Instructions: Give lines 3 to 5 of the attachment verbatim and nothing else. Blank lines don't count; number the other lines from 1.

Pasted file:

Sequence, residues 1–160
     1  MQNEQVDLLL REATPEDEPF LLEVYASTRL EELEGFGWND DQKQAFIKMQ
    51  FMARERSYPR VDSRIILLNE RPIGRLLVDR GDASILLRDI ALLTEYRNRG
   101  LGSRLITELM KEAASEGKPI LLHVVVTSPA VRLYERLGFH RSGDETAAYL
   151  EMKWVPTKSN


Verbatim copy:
    51  FMARERSYPR VDSRIILLNE RPIGRLLVDR GDASILLRDI ALLTEYRNRG
   101  LGSRLITELM KEAASEGKPI LLHVVVTSPA VRLYERLGFH RSGDETAAYL
   151  EMKWVPTKSN